Allstate emphasizes, and McFerrin does not dispute, that prior to the accident in June, 2010, McFerrin had suffered significant back injuries. In March, 2001, McFerrin was treated at Mary Breckinridge Hospital for a neck injury and other minor lacerations suffered in a car accident. [R. 20–13.] Later that same year, McFerrin went to the emergency room again with complaints of severe back pain after lifting a patient at work. [R. 20–14.] In July, 2007, the Mary Breckinridge emergency records report that McFerrin came in twice—once with further complaints of severe back pain and once because of musculoskeletal back pain and recurrent seizure activity, probably due to his fall from a ladder. [R. 20–15; R. 20–16; R. 20–17.] After his fall from the ladder, McFerrin was transferred to Wellmont Holston Valley Medical Center where he stayed for five days. [R. 20–16; R. 20–17.] At the time of his discharge, his pain was described as “rather severe” and he had to walk with a walker. [R. 20–17 at 2.] The medical records, dated July 21, 2007, state that his medical history includes chronic back pain and seizures. [Id. at 4.] In September, 2007, McFerrin began seeing chiropractor Dale Williams for “severe” pain in his lower back. [R. 20–18.] According to those records, McFerrin described his pain at that time as constant, and said it interfered with his work, sleep, daily routine, and recreation. [Id. at 1.] McFerrin further describes his condition as getting progressively worse, and rated the severity of the pain as 10+/10 with no medication and 7/10 with medication. [Id. ] Doctor Williams diagnoses McFerrin as suffering from pain in his thoracic spine and lower back, cervicalgia, and muscle spasms. [Id. at 4.] That same month, McFerrin saw another doctor, Dr. George Chaney, who gave him further injections of pain medication and referred him to a neurosurgeon. [R. 20–19.] McFerrin had several follow-up visits with Dr. Chaney, each time complaining of continual back pain, and continuing to receive pain medication injections and narcotic pain medication. [R. 20–20; R. 20–21; R. 20–22.] In November, 2007, neurosurgeon Dr. James Bean attributes McFerrin's pain to his fall from the ladder in July of that year and notes that although he was being treated with high dose narcotics he was still not getting relief and still walking with a walker. [R. 20–24.] Doctor Bean diagnosed McFerrin as a “[l]eft scapular region thoracic pain syndrome, etiology unknown. ” [Id. (emphasis added).] McFerrin states in his answers to interrogatories that at least one doctor had suggested exploratory surgery, but that he had refused to undergo such treatment. [R. 20–4 at 5.]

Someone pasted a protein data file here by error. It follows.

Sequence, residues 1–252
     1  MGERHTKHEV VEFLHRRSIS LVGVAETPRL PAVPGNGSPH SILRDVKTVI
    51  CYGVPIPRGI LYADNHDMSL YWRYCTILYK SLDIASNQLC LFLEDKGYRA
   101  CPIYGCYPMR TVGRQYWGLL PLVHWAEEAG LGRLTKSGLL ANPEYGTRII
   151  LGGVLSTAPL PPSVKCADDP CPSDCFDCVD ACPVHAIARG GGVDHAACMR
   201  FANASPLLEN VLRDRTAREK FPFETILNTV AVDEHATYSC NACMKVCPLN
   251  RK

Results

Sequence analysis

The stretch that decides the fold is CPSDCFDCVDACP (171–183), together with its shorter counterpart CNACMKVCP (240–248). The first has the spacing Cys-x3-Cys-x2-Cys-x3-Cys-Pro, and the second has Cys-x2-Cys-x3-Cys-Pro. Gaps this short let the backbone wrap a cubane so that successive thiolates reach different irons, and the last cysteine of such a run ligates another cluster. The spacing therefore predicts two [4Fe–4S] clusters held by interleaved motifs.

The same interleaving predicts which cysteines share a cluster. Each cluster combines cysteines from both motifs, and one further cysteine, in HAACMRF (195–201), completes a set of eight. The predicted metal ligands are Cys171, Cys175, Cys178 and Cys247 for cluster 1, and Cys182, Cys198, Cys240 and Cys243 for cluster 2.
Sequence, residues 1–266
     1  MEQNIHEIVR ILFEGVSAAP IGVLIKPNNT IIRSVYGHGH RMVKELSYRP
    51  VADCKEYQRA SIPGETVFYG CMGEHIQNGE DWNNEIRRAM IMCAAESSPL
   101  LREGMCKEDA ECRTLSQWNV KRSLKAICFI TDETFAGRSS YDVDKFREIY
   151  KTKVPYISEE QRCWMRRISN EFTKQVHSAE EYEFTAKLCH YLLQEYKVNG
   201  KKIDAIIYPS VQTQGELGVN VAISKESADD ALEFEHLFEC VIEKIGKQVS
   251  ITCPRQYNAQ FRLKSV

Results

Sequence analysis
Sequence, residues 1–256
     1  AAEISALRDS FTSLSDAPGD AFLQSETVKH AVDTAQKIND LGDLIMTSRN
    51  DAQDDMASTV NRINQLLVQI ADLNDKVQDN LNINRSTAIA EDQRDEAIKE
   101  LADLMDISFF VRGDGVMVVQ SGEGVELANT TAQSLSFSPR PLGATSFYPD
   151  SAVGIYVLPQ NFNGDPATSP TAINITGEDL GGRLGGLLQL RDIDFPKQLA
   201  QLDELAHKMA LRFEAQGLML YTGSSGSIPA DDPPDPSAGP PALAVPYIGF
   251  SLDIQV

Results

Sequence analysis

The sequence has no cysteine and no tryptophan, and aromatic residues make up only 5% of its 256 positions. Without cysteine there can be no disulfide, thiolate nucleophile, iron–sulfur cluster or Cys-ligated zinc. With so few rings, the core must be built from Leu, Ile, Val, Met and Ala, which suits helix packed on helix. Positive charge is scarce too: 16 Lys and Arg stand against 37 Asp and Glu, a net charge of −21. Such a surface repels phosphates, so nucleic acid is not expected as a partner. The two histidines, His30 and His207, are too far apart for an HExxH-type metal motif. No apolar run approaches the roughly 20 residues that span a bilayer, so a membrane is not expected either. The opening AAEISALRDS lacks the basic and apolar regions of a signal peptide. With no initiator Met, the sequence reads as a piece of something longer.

Within a few months after the accident at issue in this case, the other driver's insurance company settled McFerrin's claims for personal injuries up to the $25,000 policy limits. [R. 1–1 at 1, 7.] Thereafter, McFerrin alleged that the amount was insufficient and notified Allstate that he desired to claim against the underinsured motorist policy covering the truck McFerrin was driving when the accident occurred. [Id. at 3.] A dispute about the dollar value of McFerrin's claim ensued, and McFerrin filed the instant suit, alleging bad faith on the part of Allstate in addition to his claims for damages and allegations concerning the policy coverage. [Id. ] The case was initially filed in Leslie Circuit Court, and removed to this Court pursuant to its diversity jurisdiction under 28 U.S.C. § 1332. The Court previously granted Allstate's motion to bifurcate the claims and stay McFerrin's bad faith claim, pending resolution of his underinsured motorist claim. [R. 6.] Now, Allstate moves the Court to grant summary judgment in its favor on McFerrin's damages claim for medical expenses, pain and suffering, and lost wages.